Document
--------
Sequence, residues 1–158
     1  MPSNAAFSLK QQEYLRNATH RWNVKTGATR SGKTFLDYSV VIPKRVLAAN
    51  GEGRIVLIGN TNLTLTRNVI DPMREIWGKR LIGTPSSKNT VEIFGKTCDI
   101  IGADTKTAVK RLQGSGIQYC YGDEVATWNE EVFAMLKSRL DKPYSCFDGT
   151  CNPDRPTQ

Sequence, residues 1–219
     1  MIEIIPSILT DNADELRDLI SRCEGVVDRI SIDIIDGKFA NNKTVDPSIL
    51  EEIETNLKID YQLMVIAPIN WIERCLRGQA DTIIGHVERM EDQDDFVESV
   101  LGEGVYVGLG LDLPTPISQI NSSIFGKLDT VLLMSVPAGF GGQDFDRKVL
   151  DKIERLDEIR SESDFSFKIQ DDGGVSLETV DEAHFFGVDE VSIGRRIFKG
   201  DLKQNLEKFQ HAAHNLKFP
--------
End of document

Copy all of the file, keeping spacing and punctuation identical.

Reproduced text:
Sequence, residues 1–158
     1  MPSNAAFSLK QQEYLRNATH RWNVKTGATR SGKTFLDYSV VIPKRVLAAN
    51  GEGRIVLIGN TNLTLTRNVI DPMREIWGKR LIGTPSSKNT VEIFGKTCDI
   101  IGADTKTAVK RLQGSGIQYC YGDEVATWNE EVFAMLKSRL DKPYSCFDGT
   151  CNPDRPTQ

Sequence, residues 1–219
     1  MIEIIPSILT DNADELRDLI SRCEGVVDRI SIDIIDGKFA NNKTVDPSIL
    51  EEIETNLKID YQLMVIAPIN WIERCLRGQA DTIIGHVERM EDQDDFVESV
   101  LGEGVYVGLG LDLPTPISQI NSSIFGKLDT VLLMSVPAGF GGQDFDRKVL
   151  DKIERLDEIR SESDFSFKIQ DDGGVSLETV DEAHFFGVDE VSIGRRIFKG
   201  DLKQNLEKFQ HAAHNLKFP